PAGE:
“If the sale goes ahead, the young people of Auckland are set to be robbed of an intergenerational asset due to a selfish, short-sighted attitude on the part of an older generation who should know better,” Lee said.
Another opponent, councillor John Watson, said the airport shares are heading the same way as a $330m diversified investment portfolio of global shares, bonds and cash inherited from the former Auckland Regional Council, and sold under former Mayor Phil Goff to reduce debt.
“It was hocked off in the blink of an eye and the proceeds long since lost in the ever-expanding debt ether. I have no doubt that’s the fate which again awaits Aucklanders if the airport shares are sold,” Watson said.
His Albany ward colleague, Wayne Walker, said he remains undecided but his preference is to retain the shares if possible, and councillor Josephine Bartley said she is just going to wait until the vote.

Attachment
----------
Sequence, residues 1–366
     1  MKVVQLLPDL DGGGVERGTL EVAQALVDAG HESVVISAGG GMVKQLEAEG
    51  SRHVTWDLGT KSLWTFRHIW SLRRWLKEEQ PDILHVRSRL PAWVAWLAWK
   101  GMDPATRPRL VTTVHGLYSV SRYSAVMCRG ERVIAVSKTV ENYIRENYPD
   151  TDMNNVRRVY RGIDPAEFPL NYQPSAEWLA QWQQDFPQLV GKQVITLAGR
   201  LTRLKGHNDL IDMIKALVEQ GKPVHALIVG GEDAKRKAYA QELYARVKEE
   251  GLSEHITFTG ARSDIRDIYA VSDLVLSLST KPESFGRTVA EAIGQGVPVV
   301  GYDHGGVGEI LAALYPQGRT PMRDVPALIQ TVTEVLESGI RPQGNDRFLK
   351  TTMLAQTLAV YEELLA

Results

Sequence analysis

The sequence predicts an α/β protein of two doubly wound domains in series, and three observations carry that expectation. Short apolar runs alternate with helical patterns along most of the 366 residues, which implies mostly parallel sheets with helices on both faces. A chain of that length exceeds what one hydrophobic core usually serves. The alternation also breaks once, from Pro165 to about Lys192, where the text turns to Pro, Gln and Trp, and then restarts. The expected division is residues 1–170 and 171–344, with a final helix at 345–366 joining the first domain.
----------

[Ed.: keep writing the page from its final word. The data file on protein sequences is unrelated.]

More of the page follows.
Writing in the Herald today, councillor Christine Fletcher said the limited advice provided to councillors and lack of options or alternatives on the sale of shares left her wondering why there is such indecent haste for a decision of such magnitude.
“I am not in favour of selling now, partly as I don’t believe the systemic issues causing the council’s current financial crisis have been adequately addressed and this could just be a short-term ‘sugar hit’ fix.
“If forced I would prefer to see a part sale available only in small holdings to Auckllanders,” said Fletcher, a former National MP and Auckland City mayor.
Councillors Hills, Julie Fairey, Lotu Fuli, Kerrin Leoni, Sharon Stewart, Ken Turner and Maurice Williamson have not responded to the Herald on the issue.
How Wayne Brown sees the vote
Mayor Wayne Brown
Deputy Mayor Desley Simpson